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9/19/2017 7:27:10 PM
Posted: 9/10/2010 5:16:39 PM EDT
Received my new LE6940 a couple of weeks ago, and while I was able to shoot a very tight group, it was quite a bit off to the bottom right. I have two questions regarding this I hope someone can answer for me:

1) I'm thinking the iron sights should have their "baseline" adjusted so that I don't have to remember X clicks left and Y clicks up to get to 0. If that's correct, can someone point me at the procedure for a 6940? I have a sightmark .223 laser cartridge to make it a little easier.

2) Why wouldn't it be correct out of the box? If car makers can machine a main bearing to 0.0005 tolerance on a production line, shouldn't a $1600 gun shoot straight?

Thanks,
Dave
Link Posted: 9/10/2010 5:45:47 PM EDT
You use the front sight to adjust elevation and the rear for your windage.
Link Posted: 9/10/2010 7:06:26 PM EDT
Link Posted: 9/11/2010 8:51:07 AM EDT
[Last Edit: 9/11/2010 8:56:55 AM EDT by familyman357]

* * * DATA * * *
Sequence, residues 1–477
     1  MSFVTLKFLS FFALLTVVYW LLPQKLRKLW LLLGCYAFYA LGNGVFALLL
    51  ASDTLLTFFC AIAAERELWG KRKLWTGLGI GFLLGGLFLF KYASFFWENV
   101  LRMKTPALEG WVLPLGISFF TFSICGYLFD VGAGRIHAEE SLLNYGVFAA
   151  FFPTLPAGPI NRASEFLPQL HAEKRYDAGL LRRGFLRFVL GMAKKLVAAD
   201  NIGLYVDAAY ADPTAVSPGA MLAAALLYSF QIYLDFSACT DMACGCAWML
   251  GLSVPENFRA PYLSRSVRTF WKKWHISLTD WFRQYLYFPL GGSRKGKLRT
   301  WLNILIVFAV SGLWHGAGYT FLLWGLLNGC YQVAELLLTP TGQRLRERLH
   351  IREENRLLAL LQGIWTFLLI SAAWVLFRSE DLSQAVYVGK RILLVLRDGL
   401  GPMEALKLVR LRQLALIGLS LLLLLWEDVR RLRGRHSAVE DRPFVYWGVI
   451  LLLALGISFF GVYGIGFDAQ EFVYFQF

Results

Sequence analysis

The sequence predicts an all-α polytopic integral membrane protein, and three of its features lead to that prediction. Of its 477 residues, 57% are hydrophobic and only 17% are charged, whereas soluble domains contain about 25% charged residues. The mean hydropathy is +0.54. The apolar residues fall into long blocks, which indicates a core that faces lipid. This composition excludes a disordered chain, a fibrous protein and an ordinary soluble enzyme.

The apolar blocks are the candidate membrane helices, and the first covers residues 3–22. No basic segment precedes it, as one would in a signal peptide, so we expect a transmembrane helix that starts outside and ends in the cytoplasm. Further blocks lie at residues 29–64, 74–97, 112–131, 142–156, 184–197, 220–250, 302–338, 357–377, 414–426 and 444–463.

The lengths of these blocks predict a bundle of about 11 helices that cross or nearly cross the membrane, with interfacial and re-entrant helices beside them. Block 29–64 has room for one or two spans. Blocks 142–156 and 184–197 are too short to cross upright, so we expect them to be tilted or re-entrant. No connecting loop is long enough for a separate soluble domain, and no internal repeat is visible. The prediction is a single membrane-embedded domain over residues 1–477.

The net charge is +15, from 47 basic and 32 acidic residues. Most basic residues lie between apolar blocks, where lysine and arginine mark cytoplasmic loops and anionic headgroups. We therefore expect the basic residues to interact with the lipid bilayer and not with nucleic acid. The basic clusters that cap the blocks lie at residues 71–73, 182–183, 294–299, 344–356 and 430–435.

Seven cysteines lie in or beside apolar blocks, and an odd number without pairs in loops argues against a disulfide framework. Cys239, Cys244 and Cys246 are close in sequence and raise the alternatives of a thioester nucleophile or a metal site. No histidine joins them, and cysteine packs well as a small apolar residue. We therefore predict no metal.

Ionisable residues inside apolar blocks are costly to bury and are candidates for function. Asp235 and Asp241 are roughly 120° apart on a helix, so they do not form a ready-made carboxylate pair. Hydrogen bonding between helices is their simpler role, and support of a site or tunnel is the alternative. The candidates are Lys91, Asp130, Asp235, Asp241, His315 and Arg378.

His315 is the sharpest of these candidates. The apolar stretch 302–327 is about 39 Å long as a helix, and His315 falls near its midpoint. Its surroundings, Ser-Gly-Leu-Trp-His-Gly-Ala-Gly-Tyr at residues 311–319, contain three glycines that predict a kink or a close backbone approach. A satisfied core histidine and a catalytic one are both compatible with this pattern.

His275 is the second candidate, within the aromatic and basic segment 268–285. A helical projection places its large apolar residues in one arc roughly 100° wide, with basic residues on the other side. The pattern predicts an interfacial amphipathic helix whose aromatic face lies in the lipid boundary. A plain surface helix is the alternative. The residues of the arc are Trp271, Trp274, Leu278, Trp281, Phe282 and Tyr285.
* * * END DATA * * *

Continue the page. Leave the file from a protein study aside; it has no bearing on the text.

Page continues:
Vision is specific to an individual. A rifle that is zeroed for me may not necessarily be zeroed for you.
A sight that is mechanically zeroed (i.e. centered vertically and horizontally) may not be zeroed for you because of your individual sight characteristics.
I always have to adjust the sights a bit whenever I'm handed a strange rifle.

So...

1.) The "baseline" is wherever the sights are after the front sight post (elevation) is adjusted and the rear sight (windage) is adjusted so that you're hitting where you want to at a specific range with a specific load. Set it and forget it. You should not be messing around with windage or elevation unless you want to re-zero with a different load (or you're making adjustments to compensate for a drastic change in range or crosswind).

2.) The rifle's shooting fine. You just need to adjust the sights for you. Or, to put it a different way, the human is the defective part.
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